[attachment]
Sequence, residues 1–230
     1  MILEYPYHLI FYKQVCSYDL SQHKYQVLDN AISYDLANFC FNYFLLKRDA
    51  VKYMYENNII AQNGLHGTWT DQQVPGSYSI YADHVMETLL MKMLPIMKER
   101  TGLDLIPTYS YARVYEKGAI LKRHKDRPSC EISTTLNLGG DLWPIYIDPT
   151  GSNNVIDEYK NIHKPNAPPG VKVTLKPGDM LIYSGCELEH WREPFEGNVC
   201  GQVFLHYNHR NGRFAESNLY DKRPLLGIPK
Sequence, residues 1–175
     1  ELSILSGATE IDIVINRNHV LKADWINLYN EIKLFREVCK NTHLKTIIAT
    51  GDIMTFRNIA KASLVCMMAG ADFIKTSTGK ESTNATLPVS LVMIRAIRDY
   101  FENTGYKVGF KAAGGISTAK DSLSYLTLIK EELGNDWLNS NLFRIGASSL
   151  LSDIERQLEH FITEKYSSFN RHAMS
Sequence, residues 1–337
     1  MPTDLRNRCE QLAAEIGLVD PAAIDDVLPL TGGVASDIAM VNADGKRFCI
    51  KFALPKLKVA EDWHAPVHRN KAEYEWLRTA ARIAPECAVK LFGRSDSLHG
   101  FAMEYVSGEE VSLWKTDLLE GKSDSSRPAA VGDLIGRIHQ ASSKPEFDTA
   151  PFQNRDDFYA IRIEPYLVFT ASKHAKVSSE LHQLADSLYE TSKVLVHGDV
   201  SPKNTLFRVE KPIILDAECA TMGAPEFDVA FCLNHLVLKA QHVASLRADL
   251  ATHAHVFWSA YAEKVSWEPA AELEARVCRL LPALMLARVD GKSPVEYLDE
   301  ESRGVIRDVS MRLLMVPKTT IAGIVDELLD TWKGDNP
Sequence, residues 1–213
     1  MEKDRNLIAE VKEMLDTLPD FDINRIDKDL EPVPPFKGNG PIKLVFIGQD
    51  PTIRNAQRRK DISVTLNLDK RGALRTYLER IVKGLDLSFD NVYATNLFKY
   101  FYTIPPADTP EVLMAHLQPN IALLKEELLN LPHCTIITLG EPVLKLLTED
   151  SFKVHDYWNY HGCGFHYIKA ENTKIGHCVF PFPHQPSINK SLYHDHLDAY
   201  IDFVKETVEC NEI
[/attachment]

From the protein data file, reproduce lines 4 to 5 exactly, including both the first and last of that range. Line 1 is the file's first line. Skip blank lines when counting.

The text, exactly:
   101  TGLDLIPTYS YARVYEKGAI LKRHKDRPSC EISTTLNLGG DLWPIYIDPT
   151  GSNNVIDEYK NIHKPNAPPG VKVTLKPGDM LIYSGCELEH WREPFEGNVC